Mikhail Bulgakov worked on Master and Margarita for over 10 years. He burned the completed version of the Novel about the Devil in 1930. After that, he introduced multiple editions to the new text, already featuring the characters of Master and Margarita. Once the book was ready in the late 1930s – at the height of the Stalinist purges – its publication was immediately rejected by the censorship. The Samizdat edition (clandestine copies of suppressed literature) has long passed from hand to hand, and was published only in 1966 in the Moscow Journal after significant cuts were made to the text.
When working on a play based on Master and Margarita, Roman Viktyuk took into account the political context of that time and the motives of the early editions of Bulgakov’s text. This is his third take on the famous novel and, compared with previous versions, there is significantly less romance and more philosophical understanding of the phenomenon of the Stalinist era. The performance is narrated by one of the novel’s character, the poet, Ivan Bezdomny (Ivan the Homeless). Everything we see on stage resembles the ritual of destruction of tyrants from the Soviet past.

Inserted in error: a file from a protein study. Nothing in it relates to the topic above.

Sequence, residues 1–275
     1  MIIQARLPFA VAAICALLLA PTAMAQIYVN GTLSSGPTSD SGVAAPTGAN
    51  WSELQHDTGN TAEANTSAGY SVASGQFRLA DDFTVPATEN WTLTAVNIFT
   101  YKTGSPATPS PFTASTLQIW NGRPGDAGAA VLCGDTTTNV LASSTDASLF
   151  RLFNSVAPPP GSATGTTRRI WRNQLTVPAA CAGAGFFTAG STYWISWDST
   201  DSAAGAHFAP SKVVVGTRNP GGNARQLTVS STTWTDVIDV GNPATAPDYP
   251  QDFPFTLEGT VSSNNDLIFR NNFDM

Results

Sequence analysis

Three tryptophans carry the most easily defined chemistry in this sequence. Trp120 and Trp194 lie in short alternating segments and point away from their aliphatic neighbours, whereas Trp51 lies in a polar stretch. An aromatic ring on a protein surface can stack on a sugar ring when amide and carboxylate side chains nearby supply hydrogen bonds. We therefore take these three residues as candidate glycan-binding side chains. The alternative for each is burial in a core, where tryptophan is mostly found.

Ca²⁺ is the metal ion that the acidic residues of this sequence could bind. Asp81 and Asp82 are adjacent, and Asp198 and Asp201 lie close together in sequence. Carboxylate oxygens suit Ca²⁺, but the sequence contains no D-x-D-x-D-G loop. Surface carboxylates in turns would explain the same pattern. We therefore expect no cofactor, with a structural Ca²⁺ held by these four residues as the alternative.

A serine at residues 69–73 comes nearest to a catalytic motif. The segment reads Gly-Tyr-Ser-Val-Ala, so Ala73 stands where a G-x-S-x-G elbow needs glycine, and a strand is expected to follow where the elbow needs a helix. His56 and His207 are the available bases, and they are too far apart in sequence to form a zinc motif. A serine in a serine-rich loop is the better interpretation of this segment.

One of the main themes of Roman Viktyuk’s works – incompatibility of love and submission – is also elaborated on in this production, however, in a slightly different form. The love between Master and Margarita is synonymous with pain and suffering. Their context is a silently totalitarian state which leaves its people no right to express their feelings, or have those feelings in the first place. It’s a state that turns its people into puppets with no will power left.